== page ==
Facebook unveils long-promised tool to limit what data it receives from third-party apps and websites. But will not allow users to delete info.

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Facebook unveiled its long-awaited feature allowing users to limit businesses, apps, and other groups that collect data about them on the Web and pass that information to the tech giant — a move that may disappoint people who thought they would be able to delete that information from Facebook in full. The social media giant said the new tools to control “Off-Facebook Activity” are designed to “shed more light” on a form of online tracking — around shopping habits, web-browsing histories and other activities — that determines some of the ads people see on Facebook. Users now can choose to remove this history from their accounts and turn off some or all of that tracking in the future. The tools are being rolled out in Spain, Ireland and South Korea beginning Aug 20, with additional availability in the coming months.

The feature comes more than a year after Facebook chief executive Mark Zuckerberg first pledged to build a function called “Clear History” that he said would work much the same way a browser allows people to see and delete information about the sites they visited. The goal had been to empower users to “flush your history whenever you want,” he said in May 2018, admitting the company hadn’t been clear about all the ways it learns about its users. But the implementation of those controls doesn’t exactly flush data, as Zuckerberg had promised. Instead, it disconnects information from being identified to a specific user, and it isn’t deleted outright. Facebook officials previously said users could “delete this information from your account,” a pledge that might have led users to believe Facebook would remove it entirely. The controls also won’t prevent Facebook from reporting back to another business whenever users generally purchase their product after seeing an ad targeted to them — one of the most attractive elements of the Facebook platform, underpinning its lucrative success, in the eyes of companies that want to reach specific audiences and measure the impact of their ads.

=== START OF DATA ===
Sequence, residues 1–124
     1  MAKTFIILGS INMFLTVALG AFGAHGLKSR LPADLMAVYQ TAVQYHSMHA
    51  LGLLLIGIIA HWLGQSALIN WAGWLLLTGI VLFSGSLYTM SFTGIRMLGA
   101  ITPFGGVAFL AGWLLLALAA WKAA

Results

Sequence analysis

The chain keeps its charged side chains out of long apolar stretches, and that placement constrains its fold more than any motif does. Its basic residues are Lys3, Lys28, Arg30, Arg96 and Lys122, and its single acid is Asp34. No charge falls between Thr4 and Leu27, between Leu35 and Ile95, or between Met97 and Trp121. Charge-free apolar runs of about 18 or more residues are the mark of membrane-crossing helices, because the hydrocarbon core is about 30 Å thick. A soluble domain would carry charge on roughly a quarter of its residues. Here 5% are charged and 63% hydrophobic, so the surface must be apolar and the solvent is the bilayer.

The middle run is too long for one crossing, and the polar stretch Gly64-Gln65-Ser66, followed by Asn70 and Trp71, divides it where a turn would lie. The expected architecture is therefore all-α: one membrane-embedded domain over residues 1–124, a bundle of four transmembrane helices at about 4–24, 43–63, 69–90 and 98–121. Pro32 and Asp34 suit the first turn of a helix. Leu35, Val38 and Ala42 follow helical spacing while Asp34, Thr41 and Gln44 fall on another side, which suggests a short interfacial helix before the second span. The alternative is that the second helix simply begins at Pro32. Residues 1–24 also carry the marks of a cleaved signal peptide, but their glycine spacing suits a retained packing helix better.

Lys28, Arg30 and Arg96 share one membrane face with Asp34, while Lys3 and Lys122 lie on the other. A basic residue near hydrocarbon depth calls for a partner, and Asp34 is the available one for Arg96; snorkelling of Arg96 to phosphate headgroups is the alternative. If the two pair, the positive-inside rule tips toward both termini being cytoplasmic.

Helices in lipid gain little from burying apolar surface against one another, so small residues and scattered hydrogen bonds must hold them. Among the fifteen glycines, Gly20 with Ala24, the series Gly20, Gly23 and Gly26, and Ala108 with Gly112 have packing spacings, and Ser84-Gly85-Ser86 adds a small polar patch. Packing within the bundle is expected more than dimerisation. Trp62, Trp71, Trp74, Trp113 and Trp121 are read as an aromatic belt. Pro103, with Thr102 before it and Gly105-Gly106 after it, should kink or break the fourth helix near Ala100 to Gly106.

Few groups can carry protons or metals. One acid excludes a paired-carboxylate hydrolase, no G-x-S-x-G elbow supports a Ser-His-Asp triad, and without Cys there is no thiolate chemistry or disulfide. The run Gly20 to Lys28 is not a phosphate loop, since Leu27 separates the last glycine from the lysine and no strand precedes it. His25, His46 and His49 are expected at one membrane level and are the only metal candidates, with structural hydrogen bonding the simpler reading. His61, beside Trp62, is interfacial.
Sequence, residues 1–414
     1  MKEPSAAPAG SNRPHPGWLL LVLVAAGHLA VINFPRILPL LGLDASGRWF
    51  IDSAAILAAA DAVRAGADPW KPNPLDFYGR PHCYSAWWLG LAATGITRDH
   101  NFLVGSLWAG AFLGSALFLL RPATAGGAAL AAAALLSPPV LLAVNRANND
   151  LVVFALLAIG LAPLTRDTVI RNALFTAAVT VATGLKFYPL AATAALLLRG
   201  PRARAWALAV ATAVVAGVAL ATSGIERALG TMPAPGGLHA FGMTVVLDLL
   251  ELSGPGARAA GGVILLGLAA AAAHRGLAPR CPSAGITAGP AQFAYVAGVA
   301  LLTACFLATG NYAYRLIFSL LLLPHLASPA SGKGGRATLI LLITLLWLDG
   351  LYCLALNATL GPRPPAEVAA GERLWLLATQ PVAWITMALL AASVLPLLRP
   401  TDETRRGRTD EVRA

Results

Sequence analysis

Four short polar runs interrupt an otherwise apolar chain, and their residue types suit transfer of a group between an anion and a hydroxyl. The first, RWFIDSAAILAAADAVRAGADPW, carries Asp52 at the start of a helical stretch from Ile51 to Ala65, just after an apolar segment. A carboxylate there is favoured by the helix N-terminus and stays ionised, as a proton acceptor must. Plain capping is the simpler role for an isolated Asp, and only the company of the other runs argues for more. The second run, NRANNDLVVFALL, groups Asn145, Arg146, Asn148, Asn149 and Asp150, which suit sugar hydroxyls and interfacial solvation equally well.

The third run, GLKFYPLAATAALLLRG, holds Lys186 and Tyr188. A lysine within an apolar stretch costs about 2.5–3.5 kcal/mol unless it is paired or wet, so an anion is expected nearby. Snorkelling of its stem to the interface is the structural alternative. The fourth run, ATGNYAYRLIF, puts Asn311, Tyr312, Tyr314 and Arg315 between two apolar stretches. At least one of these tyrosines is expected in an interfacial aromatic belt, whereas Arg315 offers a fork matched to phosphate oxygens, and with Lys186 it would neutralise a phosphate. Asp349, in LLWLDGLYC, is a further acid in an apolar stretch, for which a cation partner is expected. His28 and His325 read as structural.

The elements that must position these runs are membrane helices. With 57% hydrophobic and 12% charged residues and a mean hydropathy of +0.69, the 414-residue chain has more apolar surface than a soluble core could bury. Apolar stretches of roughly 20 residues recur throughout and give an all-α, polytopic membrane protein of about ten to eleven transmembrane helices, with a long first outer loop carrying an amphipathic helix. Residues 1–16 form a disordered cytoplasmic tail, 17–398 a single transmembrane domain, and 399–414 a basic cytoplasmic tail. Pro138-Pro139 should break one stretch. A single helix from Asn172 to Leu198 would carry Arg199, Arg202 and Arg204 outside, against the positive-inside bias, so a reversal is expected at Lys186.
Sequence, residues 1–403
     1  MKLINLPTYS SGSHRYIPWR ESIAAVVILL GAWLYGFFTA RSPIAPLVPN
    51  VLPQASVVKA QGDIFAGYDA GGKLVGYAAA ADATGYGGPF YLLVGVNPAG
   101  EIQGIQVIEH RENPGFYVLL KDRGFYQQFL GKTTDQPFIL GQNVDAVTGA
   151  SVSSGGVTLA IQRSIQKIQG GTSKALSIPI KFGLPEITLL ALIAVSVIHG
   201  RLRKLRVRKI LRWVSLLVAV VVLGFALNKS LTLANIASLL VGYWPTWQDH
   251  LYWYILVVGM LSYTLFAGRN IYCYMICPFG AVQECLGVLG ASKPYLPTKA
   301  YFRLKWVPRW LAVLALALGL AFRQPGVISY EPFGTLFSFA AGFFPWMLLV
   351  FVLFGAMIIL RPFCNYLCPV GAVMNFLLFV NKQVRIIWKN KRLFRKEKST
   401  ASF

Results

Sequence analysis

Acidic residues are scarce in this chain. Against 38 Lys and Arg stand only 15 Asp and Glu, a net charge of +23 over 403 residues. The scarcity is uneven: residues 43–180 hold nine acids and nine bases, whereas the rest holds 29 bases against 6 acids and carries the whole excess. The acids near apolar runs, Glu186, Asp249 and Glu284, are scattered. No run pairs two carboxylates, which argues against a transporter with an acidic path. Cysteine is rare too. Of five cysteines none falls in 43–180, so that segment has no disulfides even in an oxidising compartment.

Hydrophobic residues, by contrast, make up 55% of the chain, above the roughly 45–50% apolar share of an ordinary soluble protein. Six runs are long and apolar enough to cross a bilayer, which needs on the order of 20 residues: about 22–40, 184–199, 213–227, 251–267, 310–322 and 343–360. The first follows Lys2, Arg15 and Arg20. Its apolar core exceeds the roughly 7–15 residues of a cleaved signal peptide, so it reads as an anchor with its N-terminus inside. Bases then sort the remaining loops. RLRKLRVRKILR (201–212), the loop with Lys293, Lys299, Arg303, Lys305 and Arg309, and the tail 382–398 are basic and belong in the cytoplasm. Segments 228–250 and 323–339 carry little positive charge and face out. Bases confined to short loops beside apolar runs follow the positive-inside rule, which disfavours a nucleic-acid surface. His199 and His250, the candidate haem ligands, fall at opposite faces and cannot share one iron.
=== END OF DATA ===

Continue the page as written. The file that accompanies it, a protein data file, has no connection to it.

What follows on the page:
Facebook unveils long-promised tool to limit what data it receives from third-party apps and websites Facebook’s New Tool Lets You See Which Apps and Websites Tracked You (New York Times)